Businesses should avoid participating in charity projects which are not necessarily related to their focus. For example, CSR for an accounting company might focus on children’s education or mathematics support. Supporting ESL endeavours might not be as good of a tie-in to their core values. But there are many variables when it comes to choosing the types of projects you may do. You want to use your strengths to help and to boost employee morale. Win-win.
Building a Socially Responsible Business
Businesses should focus on CSR being integrated into the core values of the company, through its policies and procedures. The CSR policy needs to be published in the public domain so that stakeholders are aware of the companies efforts. CSR pledges should be renewed on a regular basis to keep CSR fresh in the minds of stakeholders.
CSR And Conscious Leadership
A CSR conscious leader would place CSR at the top of their agenda, considering sustainability and responsibility needs before anything else. CSR policies and procedures need to drive the company forward, not just be present for show. This is the person who leads rather than manages, who understands how complex human systems are connected to the complexity of the global natural world. Responsible leaders are empathetic to the needs of stakeholders, especially employees.Policies are created by conscious leaders with many intentions in mind, including community well-being and financial gain. CSR conscious leaders keep CSR at the forefront of their thinking, acting as a barometer to measure how initiatives are impacting the people and the world around them.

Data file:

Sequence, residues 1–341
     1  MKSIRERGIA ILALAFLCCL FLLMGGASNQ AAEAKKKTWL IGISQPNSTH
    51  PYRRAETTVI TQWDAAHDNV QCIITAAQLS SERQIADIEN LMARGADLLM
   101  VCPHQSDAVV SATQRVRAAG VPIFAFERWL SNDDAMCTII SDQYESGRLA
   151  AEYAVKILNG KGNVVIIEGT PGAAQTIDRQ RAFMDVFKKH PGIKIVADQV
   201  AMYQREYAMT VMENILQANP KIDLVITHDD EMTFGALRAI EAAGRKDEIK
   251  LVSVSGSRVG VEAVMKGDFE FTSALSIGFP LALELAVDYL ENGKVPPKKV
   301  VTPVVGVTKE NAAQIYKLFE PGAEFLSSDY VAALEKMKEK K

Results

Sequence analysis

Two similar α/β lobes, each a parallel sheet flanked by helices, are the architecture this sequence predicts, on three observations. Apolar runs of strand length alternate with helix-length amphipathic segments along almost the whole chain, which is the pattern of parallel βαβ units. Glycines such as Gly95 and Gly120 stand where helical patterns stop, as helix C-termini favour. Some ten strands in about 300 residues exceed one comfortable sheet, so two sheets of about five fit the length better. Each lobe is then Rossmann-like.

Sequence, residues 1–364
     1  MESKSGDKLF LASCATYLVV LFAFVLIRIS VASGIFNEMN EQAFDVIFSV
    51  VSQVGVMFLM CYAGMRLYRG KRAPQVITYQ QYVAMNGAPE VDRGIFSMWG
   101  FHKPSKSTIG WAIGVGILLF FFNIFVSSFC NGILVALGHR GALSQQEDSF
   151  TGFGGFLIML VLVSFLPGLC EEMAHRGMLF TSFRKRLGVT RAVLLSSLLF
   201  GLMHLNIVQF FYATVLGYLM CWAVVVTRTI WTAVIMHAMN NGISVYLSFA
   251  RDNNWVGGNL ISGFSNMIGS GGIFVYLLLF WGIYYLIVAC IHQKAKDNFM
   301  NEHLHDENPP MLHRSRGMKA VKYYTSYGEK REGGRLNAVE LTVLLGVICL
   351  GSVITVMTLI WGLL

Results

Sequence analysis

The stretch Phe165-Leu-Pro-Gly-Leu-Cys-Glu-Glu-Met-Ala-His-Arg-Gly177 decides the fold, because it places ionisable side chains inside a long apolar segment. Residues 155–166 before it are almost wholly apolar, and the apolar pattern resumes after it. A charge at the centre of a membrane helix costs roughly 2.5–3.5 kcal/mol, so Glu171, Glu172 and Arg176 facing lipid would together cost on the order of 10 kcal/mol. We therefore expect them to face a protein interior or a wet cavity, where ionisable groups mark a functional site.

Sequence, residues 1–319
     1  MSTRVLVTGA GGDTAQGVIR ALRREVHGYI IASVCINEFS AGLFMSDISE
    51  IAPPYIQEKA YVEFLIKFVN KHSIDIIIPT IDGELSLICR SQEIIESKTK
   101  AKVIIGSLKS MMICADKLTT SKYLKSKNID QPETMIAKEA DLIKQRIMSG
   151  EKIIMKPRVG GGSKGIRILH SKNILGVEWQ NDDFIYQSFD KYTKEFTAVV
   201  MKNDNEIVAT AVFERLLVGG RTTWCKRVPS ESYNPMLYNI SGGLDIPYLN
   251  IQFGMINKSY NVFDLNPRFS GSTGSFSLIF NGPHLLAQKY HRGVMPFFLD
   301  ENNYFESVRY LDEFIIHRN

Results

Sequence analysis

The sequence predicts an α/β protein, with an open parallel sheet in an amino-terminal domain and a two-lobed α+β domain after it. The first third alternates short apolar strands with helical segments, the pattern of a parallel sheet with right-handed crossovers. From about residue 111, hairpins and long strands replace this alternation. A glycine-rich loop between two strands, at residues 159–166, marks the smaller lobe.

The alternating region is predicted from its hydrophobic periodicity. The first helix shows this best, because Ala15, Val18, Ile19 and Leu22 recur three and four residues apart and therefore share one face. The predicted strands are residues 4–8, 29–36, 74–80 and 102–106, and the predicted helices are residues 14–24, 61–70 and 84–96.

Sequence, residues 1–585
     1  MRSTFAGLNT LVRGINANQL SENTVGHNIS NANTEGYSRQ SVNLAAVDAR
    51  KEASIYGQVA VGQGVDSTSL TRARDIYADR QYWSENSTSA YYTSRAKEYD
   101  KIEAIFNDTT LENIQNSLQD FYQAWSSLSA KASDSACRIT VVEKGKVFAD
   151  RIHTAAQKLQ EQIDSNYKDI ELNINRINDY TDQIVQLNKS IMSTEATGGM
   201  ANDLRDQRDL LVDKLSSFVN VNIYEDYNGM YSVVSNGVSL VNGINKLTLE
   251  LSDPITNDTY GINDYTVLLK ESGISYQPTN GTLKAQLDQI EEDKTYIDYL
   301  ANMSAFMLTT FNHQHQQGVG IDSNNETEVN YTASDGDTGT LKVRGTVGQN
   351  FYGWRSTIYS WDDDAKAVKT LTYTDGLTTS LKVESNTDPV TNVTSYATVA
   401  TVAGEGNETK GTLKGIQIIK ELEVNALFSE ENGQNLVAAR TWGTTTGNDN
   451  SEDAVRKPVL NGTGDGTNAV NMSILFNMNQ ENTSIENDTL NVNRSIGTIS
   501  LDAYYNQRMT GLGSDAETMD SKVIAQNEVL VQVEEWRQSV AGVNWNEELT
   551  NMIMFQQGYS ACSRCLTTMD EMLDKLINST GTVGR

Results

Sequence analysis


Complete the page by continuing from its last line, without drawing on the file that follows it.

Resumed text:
People, Planet and Profit is the New Mantra